MINNEAPOLIS — The Democratic Party platform now calls for a $15 per hour national minimum wage for all hourly workers after delegates voted in an amendment proposed by progressive activists during the Democratic National Committee Meeting here on Friday.
The move aligns Democrats with the most vocal of the activist left and labor movement — and puts the party to left of its presidential frontrunner, former Secretary of State Hillary Clinton. Most Democrats, including Clinton, favor an increase in the federal minimum wage of some kind. The Obama administration has set $12 as its suggested federal minimum, while urging states that want to go above it, to do so. Clinton has also urged states and localities to raise their minimum wage to $15/hour, but has declined to publicly support a $15 federal minimum wage, citing differing economic landscapes from state to state.
The current federal minimum wage is $7.25/hour, meaning just about every Democratic elected official these days is pushing for a significant increase they say will help bridge the growing income gap between wealthy Americans and the rest of the country. But the political divide between a $12 and $15 minimum wage is vast in Democratic circles; $15 is generally seen as the far-left position, so far mostly adopted by progressive-controlled municipalities like San Francisco and Seattle. More establishment-aligned Democrats have worried that a national wage that high could lead to job losses and stifle small businesses.
But the Democratic Party as an institution now stands with the progressives on the minimum wage. The shift, advocates say, could help mainstream the $15 federal minimum proposal — even as Democrats contend with a Republican-controlled Congress whose lockstep opposition to significant increases in the federal minimum wage makes $15 all but impossible.
“It will now allow us to go out there and push Democrats, independents, and Republicans who are in office to say, ‘Look, even the national party is on board with this.,’” said Christine Pelosi, a DNC delegate from California. Pelosi, daughter of the House Democratic leader, helped to author the resolution that passed Friday.
“We are on record as standing for a set of principles,” she said. “Now we are going to use that document, that resolution, to go out and organize. To convince the people who are new to politics or who are more skeptical of politics that we mean what we say because we put our name behind it, we put our votes behind it.”
The big moment for Pelosi’s side of the minimum wage debate could not have been more anti-climactic. The vote came after a pair of raucous speeches by Clinton challengers Bernie Sanders, the independent senator from Vermont, and Martin O'Malley, the former Maryland governor. Much of the room had cleared out when the vote was taken and had someone not been looking out for it, they probably would have missed it.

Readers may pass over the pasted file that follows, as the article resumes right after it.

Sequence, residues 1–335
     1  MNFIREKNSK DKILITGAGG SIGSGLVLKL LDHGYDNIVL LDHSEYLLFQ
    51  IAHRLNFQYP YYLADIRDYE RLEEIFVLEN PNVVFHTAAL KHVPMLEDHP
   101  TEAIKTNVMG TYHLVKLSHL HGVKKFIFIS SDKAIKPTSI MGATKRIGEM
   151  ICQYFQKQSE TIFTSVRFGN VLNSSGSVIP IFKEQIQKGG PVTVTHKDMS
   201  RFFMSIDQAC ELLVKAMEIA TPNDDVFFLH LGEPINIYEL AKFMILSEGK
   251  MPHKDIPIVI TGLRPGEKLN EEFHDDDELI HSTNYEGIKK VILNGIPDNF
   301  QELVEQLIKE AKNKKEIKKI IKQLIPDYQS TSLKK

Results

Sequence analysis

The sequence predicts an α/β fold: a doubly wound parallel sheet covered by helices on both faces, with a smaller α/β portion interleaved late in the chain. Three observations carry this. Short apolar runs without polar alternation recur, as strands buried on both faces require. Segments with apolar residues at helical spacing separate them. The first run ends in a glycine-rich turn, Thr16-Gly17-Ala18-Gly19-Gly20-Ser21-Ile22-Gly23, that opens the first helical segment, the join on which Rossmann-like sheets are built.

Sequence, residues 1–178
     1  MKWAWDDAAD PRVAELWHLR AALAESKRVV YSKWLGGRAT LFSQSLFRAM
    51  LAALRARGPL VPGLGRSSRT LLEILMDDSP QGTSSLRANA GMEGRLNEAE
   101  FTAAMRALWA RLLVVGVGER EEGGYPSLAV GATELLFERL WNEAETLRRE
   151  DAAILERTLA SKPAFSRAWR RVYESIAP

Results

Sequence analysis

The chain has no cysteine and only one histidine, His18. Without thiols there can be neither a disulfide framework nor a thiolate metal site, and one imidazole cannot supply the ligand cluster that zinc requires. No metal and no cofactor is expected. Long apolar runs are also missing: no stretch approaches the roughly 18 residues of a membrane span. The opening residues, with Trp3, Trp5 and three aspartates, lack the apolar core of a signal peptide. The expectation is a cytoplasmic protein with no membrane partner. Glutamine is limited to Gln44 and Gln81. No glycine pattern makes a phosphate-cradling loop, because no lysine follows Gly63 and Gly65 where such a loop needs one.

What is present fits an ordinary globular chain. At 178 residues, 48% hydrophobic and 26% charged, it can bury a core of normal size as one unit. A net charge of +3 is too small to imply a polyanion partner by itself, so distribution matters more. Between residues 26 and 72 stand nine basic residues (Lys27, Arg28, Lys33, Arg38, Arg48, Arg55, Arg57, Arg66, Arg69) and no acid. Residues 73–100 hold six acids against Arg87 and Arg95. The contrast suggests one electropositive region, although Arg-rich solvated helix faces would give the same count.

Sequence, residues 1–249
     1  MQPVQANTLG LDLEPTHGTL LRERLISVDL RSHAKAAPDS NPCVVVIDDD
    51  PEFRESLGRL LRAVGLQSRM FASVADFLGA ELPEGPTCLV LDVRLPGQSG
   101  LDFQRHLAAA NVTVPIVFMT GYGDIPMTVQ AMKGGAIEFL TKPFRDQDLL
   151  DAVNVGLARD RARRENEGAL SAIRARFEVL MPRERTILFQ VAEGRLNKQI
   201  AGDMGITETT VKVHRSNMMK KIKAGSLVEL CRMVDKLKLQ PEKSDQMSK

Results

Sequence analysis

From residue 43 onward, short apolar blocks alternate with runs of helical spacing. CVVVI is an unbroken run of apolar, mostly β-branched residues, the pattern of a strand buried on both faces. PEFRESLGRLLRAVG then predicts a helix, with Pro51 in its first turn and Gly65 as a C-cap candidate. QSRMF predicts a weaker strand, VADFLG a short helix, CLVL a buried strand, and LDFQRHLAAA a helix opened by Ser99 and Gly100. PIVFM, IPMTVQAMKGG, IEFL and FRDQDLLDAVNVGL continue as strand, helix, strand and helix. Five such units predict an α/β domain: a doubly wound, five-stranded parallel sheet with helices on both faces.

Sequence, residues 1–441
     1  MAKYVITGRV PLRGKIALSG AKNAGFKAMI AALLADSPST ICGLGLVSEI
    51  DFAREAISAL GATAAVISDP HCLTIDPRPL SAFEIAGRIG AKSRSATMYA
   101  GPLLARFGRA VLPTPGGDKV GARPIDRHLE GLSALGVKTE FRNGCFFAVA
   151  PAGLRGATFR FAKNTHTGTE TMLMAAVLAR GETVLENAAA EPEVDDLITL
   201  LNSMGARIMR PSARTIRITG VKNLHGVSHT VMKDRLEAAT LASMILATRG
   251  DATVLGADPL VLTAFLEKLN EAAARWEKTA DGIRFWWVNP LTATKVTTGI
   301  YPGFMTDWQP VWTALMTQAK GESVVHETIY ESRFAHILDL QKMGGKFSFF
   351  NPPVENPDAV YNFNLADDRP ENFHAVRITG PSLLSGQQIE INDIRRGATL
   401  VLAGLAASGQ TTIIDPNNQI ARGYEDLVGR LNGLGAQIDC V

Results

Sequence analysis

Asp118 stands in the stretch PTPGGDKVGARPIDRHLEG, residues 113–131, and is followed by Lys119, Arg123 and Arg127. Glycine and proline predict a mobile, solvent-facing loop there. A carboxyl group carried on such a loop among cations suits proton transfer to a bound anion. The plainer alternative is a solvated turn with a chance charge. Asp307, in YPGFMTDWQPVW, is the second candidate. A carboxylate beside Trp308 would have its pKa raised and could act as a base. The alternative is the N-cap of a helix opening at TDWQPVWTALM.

So, by voice vote, delegates put the $15 minimum wage plank into the party platform along with a slew of other resolutions recognized the contributions of deceased party members, hailed the Black Lives Matter movement, and other party business.
Party platforms are also no guarantee that a politician will take up a specific policy position, though DNC chair Debbie Wasserman Schultz, a member of Congress from Florida, told the assembled delegates that the resolutions voted on the Friday carry weight.
“Our resolutions are really an invaluable tool for our institution, so we honor those who have dedicated their lives to the betterment of our party and our nation, to addresses injustices in society, and to recommit ourselves to the values that our party holds dear,” she said. “Each of those resolutions holds great importance and we can all use them as inspiration as we move forward."
The vote also more closely aligned the party platform with Sanders and O’Malley than Clinton and the Obama administration. In a hint of how future pushes for the $15 wage could play out in the campaign landscape, the wage increase language was part of a larger new plank focused on economic opportunity for women called the “Women Succeed Agenda.” The slate of proposals includes calls for mandatory paid sick leave, “paycheck fairness,” and various tax incentives and government spending increases aimed at broadening access to quality child care.
Pelosi said that will help her allies put pressure on Democrats who remain wary of a $15 minimum wage for what she suggested were reasons based in political cautiousness.
“Today was an example of the activists winning over the operatives who are then winning over the candidates,” she said. “It’s very, very exciting.”